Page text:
Procurement professionals working at some of the top businesses in Europe have claimed that ‘maverick’ marketing spend is rife, according to a report from Charterhouse.
The findings of a report, outlined in The Marketing Maturity Matrix, from marketing production specialist Charterhouse, claims that over two thirds (67%) of procurement professionals believe that ‘maverick’ marketing spend is widespread. It also revealed that four fifths (80%) of companies struggle due to ‘immature’ marketing procurement practices, wasting a combined €716m each year as a result.
The research was conducted amongst 200 procurement professionals, chosen from across 500 of the largest companies in Europe.
Other findings included almost half (42%) of those working in procurement departments feel pressure to improve marketing procurement, while almost a third face conflict with their marketing departments as a result.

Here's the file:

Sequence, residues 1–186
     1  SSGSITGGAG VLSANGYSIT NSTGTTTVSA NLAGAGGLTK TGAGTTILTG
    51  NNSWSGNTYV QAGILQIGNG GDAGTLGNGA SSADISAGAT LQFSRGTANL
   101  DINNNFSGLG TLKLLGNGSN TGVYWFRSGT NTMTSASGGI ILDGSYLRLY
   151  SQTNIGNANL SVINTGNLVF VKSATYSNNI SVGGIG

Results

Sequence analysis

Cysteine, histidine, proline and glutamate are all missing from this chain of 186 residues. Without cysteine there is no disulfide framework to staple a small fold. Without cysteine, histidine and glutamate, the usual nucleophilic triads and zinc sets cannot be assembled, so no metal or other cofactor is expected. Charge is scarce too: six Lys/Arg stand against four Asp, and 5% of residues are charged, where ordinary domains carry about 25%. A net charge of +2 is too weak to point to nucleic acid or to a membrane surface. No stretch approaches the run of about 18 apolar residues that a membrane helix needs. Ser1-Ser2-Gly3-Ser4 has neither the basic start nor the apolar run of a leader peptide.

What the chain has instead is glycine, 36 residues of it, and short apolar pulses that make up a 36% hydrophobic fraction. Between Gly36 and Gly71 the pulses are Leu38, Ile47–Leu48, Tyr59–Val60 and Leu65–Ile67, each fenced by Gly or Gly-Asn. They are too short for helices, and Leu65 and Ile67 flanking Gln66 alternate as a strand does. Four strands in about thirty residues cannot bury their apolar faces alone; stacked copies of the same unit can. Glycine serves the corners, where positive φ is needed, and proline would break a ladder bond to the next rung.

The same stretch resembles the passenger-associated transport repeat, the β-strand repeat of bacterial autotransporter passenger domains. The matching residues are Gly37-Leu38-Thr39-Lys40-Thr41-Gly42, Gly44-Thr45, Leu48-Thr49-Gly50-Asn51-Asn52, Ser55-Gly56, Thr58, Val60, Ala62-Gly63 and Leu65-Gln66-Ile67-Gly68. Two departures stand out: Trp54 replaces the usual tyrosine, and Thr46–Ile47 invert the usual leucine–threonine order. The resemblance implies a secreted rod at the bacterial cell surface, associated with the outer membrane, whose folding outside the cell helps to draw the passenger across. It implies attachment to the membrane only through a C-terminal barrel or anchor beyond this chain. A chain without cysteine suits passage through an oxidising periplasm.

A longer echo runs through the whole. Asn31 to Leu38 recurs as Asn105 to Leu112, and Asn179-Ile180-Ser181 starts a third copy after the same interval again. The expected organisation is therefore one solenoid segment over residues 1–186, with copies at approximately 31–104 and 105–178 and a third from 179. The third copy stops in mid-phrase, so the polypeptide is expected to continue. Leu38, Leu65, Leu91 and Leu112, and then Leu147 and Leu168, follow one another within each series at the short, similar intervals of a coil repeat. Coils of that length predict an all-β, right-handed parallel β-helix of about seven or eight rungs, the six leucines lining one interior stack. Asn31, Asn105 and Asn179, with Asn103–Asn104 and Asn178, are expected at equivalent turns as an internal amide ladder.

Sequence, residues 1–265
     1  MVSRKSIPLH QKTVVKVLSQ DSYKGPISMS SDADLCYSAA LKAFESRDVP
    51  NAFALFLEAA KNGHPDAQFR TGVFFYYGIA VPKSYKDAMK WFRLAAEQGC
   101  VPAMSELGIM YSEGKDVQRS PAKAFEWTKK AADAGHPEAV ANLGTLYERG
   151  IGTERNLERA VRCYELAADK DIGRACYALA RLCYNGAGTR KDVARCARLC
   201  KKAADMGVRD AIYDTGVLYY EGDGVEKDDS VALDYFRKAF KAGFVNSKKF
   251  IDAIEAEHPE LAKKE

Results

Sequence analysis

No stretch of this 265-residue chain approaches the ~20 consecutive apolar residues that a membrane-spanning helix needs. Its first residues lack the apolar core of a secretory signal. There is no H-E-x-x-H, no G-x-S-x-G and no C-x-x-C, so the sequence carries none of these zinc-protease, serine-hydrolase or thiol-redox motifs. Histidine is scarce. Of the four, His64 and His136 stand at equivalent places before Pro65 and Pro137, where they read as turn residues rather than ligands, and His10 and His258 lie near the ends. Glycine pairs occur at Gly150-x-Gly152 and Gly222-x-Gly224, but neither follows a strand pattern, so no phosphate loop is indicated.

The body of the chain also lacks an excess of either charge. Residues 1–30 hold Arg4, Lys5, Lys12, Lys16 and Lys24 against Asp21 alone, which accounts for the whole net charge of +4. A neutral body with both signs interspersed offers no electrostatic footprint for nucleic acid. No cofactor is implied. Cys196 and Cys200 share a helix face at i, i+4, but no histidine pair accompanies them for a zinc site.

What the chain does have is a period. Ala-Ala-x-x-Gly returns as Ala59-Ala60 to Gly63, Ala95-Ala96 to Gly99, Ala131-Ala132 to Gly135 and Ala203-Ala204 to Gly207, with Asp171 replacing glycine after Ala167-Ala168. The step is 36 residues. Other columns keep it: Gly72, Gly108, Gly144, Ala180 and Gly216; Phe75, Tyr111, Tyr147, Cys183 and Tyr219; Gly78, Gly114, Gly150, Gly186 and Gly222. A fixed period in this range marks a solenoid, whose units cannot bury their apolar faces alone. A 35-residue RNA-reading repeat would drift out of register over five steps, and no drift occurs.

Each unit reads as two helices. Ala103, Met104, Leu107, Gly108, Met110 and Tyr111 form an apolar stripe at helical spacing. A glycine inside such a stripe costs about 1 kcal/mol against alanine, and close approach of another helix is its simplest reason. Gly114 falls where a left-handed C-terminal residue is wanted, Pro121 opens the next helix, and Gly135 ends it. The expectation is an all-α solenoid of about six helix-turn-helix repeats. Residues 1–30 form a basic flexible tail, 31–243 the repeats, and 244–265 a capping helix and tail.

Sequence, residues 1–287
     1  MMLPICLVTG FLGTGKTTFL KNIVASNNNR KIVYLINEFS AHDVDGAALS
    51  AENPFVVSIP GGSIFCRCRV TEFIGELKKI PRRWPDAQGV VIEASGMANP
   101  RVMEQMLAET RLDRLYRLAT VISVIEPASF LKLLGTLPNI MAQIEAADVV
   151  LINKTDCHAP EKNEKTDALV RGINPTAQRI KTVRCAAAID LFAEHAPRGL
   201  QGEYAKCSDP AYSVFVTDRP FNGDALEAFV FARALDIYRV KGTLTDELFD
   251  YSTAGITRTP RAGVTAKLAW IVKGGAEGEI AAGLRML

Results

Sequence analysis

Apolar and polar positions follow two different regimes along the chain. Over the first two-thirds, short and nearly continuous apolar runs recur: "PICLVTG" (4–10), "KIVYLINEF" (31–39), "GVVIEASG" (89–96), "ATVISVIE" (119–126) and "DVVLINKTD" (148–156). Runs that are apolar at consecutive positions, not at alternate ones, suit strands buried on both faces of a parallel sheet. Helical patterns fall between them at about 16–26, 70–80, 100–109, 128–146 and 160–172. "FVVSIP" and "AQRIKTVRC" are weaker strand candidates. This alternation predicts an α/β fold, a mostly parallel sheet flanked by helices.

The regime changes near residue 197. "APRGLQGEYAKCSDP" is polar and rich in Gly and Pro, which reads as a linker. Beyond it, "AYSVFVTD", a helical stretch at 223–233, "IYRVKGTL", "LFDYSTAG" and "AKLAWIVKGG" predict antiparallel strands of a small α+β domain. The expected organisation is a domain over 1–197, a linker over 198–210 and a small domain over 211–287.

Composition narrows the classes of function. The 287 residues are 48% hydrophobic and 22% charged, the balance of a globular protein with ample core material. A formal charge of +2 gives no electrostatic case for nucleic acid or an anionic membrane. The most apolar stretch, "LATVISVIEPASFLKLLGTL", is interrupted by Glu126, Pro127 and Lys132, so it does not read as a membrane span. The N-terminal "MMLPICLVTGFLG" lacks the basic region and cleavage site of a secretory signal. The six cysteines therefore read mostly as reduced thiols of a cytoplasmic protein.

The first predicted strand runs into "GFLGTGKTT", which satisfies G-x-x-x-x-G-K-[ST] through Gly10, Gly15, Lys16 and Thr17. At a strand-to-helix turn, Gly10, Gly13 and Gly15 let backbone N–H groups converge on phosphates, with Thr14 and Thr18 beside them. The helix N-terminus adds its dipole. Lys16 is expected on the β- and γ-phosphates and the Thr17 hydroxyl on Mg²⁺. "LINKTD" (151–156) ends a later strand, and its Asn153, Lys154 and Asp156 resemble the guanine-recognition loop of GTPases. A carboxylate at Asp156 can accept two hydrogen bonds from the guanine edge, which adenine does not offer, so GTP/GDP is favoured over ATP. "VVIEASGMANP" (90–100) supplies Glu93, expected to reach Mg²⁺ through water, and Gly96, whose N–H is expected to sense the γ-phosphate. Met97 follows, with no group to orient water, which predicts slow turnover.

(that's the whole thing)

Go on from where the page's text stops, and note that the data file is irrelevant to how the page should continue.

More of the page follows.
David Fincham, business development director at Charterhouse, commented: “Maverick marketing procurement is a costly problem for Europe’s largest businesses, but can be very difficult to identify.
“Yet it represents the tip of the iceberg in ‘hidden’ savings. Firms need to take a fresh approach to marketing procurement to tackle uncontrolled and inefficient buying practices,” added Fincham.
It was also claimed that over a third (36%) of companies had no mechanism for measuring return on marketing investment.
Fincham continued: “Without a proactive marketing procurement strategy, it’s easy for marketing budget to be committed without procurement involved. In large businesses, this can equate to huge amounts of investment not procured in the right way. The potential lost savings here could be ploughed back into additional effective marketing activities.
“Those inheriting legacy processes should start building relationships with marketing immediately, and work together to develop a strategy that identifies potential improvements.”
The majority (58%) of procurement staff were said to have no remit within the marketing department, while a fifth (21%) said they had ultimate responsibility for marketing spend, and 37% said that they struggled to make savings in marketing purchasing.
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